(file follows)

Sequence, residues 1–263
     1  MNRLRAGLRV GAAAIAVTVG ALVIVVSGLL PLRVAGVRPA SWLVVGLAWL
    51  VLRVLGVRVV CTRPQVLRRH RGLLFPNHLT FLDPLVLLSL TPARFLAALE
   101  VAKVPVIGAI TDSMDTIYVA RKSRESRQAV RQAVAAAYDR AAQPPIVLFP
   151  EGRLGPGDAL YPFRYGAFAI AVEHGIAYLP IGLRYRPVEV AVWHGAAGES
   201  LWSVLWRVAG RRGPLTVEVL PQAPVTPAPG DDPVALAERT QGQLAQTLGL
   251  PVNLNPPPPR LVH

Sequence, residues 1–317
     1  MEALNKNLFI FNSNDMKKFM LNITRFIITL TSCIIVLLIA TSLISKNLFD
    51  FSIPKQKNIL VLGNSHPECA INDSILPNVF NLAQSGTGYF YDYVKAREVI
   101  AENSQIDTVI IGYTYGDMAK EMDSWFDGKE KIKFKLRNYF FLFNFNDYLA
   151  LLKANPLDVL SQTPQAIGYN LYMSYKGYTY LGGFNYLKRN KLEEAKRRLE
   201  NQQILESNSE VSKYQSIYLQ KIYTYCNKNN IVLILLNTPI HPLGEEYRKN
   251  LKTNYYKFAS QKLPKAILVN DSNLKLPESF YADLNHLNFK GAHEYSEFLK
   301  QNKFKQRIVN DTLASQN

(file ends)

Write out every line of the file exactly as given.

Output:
Sequence, residues 1–263
     1  MNRLRAGLRV GAAAIAVTVG ALVIVVSGLL PLRVAGVRPA SWLVVGLAWL
    51  VLRVLGVRVV CTRPQVLRRH RGLLFPNHLT FLDPLVLLSL TPARFLAALE
   101  VAKVPVIGAI TDSMDTIYVA RKSRESRQAV RQAVAAAYDR AAQPPIVLFP
   151  EGRLGPGDAL YPFRYGAFAI AVEHGIAYLP IGLRYRPVEV AVWHGAAGES
   201  LWSVLWRVAG RRGPLTVEVL PQAPVTPAPG DDPVALAERT QGQLAQTLGL
   251  PVNLNPPPPR LVH

Sequence, residues 1–317
     1  MEALNKNLFI FNSNDMKKFM LNITRFIITL TSCIIVLLIA TSLISKNLFD
    51  FSIPKQKNIL VLGNSHPECA INDSILPNVF NLAQSGTGYF YDYVKAREVI
   101  AENSQIDTVI IGYTYGDMAK EMDSWFDGKE KIKFKLRNYF FLFNFNDYLA
   151  LLKANPLDVL SQTPQAIGYN LYMSYKGYTY LGGFNYLKRN KLEEAKRRLE
   201  NQQILESNSE VSKYQSIYLQ KIYTYCNKNN IVLILLNTPI HPLGEEYRKN
   251  LKTNYYKFAS QKLPKAILVN DSNLKLPESF YADLNHLNFK GAHEYSEFLK
   301  QNKFKQRIVN DTLASQN